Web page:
Item description for Planet Germany by Cathy Dobson...
After a decade of living in Germany, a chaotic British family makes a New Year's resolution to throw themselves wholeheartedly into the local culture. The process is complicated as the mother is founding a business with a German partner who is convinced that all Brits are both dysfunctional and poorly nourished. The year sees them bumbling through local festivals, getting into scrapes with authorities, and falling foul of the law, all aided and abetted by their eccentric neighbours and posse of cats. This book exposes the crazier side of both British and German culture, examines profound mysteries such as German fortune telling and sauna etiquette, and explains why dachshund owners are the most dangerous people on the planet.
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Est. Packaging Dimensions: Length: 7.95" Width: 4.96" Height: 0.94" Weight: 0.71 lbs.
Release Date Nov 16, 2007
Publisher Grosvenor House Publishing Limited
ISBN 1906210489 ISBN13 9781906210489
Availability 94 units. Availability accurate as of May 26, 2017 05:04.
Usually ships within one to two business days from La Vergne, TN.
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Reviews - What do customers think about Planet Germany?
Very witty, entertaining and well-written May 19, 2008
Congrats go to Cathy Dobson. This is a very witty, entertaining and well-written book. It also has global appeal - it is not just for expats who are living or who have lived in Germany. Regards, Andrea Martins, Director, ExpatWomen.com.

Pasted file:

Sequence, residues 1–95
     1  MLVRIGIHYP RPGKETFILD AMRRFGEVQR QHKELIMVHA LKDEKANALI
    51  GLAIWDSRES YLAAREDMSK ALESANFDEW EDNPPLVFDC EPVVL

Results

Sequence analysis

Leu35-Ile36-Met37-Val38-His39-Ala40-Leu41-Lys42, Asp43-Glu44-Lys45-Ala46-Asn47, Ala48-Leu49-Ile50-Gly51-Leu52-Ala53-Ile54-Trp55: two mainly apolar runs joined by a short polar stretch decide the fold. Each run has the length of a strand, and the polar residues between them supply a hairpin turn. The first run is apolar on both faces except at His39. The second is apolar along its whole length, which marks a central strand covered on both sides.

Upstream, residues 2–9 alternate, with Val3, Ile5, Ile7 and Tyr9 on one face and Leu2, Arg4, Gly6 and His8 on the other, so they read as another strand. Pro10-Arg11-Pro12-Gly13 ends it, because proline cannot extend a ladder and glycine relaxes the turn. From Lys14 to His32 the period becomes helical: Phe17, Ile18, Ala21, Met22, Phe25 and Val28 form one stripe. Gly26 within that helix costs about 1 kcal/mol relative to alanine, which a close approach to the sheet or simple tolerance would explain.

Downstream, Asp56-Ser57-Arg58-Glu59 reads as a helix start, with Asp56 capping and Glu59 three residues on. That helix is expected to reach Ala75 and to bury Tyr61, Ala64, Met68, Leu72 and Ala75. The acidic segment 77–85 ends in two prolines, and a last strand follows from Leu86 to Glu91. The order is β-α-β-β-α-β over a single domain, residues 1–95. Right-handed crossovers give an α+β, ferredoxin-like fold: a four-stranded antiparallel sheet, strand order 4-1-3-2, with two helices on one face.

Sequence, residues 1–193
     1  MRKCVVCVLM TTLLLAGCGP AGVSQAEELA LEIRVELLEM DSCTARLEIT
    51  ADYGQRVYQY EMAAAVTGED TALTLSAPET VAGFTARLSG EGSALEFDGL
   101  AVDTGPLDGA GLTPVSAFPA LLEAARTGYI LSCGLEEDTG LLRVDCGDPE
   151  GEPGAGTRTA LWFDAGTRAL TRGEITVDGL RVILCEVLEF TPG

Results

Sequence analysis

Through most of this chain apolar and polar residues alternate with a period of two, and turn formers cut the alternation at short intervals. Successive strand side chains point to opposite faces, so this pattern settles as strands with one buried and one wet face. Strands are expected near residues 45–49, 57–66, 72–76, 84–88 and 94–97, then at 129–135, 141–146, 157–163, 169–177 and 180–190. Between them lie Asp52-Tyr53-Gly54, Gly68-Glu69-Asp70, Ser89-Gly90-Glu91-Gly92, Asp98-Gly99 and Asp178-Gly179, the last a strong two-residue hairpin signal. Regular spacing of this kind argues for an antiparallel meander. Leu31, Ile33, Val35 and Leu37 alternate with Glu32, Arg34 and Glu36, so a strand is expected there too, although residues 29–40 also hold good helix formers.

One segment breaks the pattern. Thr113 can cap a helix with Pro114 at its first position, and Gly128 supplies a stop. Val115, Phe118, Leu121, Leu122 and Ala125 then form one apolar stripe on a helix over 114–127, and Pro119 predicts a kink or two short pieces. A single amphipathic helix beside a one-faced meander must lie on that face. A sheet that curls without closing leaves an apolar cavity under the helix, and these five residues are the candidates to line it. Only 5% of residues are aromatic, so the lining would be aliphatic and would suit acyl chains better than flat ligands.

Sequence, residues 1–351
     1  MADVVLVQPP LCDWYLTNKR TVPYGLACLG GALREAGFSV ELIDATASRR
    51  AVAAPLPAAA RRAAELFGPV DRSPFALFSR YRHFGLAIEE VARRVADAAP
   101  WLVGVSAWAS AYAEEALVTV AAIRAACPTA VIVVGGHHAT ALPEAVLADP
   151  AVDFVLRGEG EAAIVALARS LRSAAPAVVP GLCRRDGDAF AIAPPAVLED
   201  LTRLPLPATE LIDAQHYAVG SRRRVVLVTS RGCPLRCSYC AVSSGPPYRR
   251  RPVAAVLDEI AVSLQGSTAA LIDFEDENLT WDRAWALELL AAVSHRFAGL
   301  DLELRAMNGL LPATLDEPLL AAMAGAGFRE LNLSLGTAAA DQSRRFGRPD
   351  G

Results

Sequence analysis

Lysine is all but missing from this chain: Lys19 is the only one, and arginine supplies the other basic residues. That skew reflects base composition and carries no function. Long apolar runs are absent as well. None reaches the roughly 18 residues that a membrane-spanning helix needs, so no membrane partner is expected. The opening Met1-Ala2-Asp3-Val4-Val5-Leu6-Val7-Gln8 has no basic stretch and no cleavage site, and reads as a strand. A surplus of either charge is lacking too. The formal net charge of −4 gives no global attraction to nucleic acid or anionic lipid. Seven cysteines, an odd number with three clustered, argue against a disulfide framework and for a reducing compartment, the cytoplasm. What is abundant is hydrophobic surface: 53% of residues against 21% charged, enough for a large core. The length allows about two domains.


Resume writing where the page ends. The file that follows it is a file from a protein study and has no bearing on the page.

Planet Germany Dec 12, 2007
Planet GermanyThis book is so much fun! It's a heartwarming combination of the most entertaining stories, funny anecdotes, and truisms. I can't put it down!
Wonderful holiday gift! Dec 7, 2007
Planet Germany celebrates the clash and camaraderie of two cultures as the members of Dobson's (British) family valiantly struggle to forge a life for themselves in the Rhineland. At once subtly humorous and out-and-out hilarious, the book had me ROFLMAO while pausing (on the floor) to read passages to my husband.
The book opens with Dobson's description of a festive gathering of friends for New Year's Eve. The festivities rapidly transmogrify into slapstick fiasco as the cultural disconnect becomes glaringly apparent. The Windsor soup, which Dobson has so meticulously prepared in a effort to impress her company with British haute cuisine, results in "a tureen full of brown sludge that looks suspiciously like phlegm." Needless to say, the Windsor sludge remains untouched by guests and family alike.
During the course of dinner, Dobson's friend, Birgit, attempts to persuade the children--who greet the roasted bird Dobson proudly serves with "Eurgh! Turkey!"-- that turkey is "just like chicken, only drier and with less flavor."
When Birgit refers to the Dobsons as a "dysfunctional English family", the following exchange ensues: "'Dysfunctional? What do you mean, dysfunctional?' My jaw has dropped open. 'I don't mean there's something wrong with your family,' Birgit reassures me. 'The English nation per se is dysfunctional. Don't take it so personally.'"
The jimmy rigged fireworks episode, at evening's end, is too good to miss.
And the hilarity continues. As I'm only halfway into the book, I can't possibly give it away nor would I want to. But do yourselves a favor. Buy the book and pick up a dozen more as holiday presents. Your loved ones will most definitely toss the remote control and settle down to a joyful literary romp that they'll never forget!